Go, Patrick,” a voice echoed through his sleep, “thy ship is prepared! Arise and go!” Patrick arose and went with a prayer on his lips. He slipped unseen from his master’s house and fled down the western shore where he saw a ship disembarking. “Thy ship departs, Patrick,” the voice cried again in his ears. Patrick plunged into the sea and caught a rope tossed to him by one of the sailors. After being kidnapped from his coastal home in Scotland to serve as a slave of a Druid priest in Ireland for six years, Patrick, the son of a Roman deacon, was free again. It was not the first time that Patrick would spurn pagan tyranny in his life. In years to come, he would end their oppression not by fleeing, but by bringing them freedom, arising armed and protected by a great, bright Breastplate bound to his soul.
After escaping from Ireland, the young Saint Patrick traveled to a monastery in France where he met with his uncle, St. Martin of Tours. He began studying for the priesthood and was ordained under the patronage of St. Germain. After years of missionary work, Patrick was chosen to defend the Faith against the Pelagian heresy in Britain. It was then that Patrick had another life-changing dream. “Patrick,” voices called out in Gaelic, “walk once more with us.” On the recommendation of Germain, Pope St. Celestine charged Patrick to sail back to the land of his captors as a bishop and gather the Irish into the fold of God’s Church—a task abandoned by many missionaries for fear of fierce chieftains and eerie Druids.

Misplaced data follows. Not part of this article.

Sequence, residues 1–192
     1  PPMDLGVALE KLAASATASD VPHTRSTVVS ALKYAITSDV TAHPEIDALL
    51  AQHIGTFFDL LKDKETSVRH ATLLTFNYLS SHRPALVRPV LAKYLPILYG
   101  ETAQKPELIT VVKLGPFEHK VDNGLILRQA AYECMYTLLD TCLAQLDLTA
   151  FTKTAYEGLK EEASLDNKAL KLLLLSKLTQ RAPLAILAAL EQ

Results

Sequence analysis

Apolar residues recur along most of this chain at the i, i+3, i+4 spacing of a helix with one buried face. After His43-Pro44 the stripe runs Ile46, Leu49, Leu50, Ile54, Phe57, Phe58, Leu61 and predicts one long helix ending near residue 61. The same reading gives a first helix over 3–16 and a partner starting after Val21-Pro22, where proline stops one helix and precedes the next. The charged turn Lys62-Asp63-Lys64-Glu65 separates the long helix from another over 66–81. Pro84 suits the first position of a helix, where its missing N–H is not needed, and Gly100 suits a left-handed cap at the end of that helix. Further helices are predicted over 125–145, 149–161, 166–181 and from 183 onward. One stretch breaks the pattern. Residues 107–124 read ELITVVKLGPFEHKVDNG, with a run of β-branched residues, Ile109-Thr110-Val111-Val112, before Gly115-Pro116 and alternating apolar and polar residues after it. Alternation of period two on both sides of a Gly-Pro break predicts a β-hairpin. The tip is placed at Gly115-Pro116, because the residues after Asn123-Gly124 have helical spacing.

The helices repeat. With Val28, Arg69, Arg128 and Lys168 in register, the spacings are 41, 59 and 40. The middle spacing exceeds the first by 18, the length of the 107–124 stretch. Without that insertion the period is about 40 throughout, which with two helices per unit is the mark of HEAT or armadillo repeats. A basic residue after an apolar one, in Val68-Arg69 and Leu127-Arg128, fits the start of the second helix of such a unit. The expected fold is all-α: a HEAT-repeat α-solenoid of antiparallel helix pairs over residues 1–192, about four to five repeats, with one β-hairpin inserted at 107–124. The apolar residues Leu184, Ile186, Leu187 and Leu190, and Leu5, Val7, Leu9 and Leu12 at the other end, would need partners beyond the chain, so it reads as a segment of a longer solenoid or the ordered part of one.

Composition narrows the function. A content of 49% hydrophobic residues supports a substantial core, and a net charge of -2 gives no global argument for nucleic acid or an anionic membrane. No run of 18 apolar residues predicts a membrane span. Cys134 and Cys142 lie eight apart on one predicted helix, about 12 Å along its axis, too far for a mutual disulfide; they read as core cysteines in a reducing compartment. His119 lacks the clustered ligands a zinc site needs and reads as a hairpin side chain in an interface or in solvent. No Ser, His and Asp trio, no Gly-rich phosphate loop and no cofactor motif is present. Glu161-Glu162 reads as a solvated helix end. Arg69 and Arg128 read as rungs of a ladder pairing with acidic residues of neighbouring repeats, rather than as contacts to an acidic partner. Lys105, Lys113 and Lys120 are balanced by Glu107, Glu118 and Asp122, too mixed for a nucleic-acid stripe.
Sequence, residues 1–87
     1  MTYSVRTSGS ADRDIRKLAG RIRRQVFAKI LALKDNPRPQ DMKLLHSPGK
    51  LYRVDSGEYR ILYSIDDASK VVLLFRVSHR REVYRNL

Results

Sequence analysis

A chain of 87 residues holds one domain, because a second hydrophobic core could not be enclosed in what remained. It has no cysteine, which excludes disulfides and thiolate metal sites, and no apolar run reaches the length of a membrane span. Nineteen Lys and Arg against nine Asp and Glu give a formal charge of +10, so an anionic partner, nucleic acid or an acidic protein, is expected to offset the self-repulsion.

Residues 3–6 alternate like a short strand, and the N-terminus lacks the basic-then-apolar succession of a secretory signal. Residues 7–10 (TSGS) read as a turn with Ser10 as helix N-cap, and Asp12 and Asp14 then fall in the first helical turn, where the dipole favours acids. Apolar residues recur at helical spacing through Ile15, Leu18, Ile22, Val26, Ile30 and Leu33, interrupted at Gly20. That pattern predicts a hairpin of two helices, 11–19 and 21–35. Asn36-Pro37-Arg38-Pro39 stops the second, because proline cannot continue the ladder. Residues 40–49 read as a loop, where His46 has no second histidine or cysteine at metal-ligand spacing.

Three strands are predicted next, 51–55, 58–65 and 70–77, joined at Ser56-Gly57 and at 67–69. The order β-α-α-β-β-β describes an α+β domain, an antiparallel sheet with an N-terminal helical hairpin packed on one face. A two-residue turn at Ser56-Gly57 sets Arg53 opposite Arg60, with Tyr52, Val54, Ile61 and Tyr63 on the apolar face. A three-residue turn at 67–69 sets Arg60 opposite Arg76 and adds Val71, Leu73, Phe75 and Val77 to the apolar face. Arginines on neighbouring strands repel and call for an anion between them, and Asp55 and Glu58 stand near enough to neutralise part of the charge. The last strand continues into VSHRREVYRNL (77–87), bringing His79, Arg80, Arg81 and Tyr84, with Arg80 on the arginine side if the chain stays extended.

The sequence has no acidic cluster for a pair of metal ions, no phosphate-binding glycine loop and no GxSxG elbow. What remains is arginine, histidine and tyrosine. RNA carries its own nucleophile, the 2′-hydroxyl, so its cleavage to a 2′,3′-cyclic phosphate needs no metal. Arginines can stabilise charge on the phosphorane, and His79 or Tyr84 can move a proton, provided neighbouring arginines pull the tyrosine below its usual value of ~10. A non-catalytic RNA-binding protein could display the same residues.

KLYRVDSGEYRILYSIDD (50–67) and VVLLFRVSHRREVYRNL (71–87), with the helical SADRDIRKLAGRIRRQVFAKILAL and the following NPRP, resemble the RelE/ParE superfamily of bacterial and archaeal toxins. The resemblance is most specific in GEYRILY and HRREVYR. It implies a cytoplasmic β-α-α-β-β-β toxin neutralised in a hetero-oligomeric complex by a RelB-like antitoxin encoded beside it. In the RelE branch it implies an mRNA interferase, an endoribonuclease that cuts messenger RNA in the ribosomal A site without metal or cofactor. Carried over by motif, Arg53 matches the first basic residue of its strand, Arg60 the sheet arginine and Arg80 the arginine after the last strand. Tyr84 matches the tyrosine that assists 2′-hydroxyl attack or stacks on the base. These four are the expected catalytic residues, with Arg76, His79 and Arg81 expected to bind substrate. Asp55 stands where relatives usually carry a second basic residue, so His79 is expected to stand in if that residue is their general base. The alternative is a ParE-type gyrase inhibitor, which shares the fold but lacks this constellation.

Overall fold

Setting foot once again on Irish soil, Patrick and his companions were met by armed guards. But the bishop had arms of his own to guard him. He boldly announced in their native tongue that he, a runaway slave, had returned to pay ransom to his master and offer him the freedom of the Truth. While news of the stranger spread, Patrick learned of the great spring gathering of the Druid priests near the castle of the High King Laoghire in Tara. On the night of March 26—the night before Easter Sunday, 433—all the fires in the kingdom were to be put out until the Druids lit the New Year Fire. This year’s burning was regarded with special importance since the oracles had foretold that an enemy would land in Erin.
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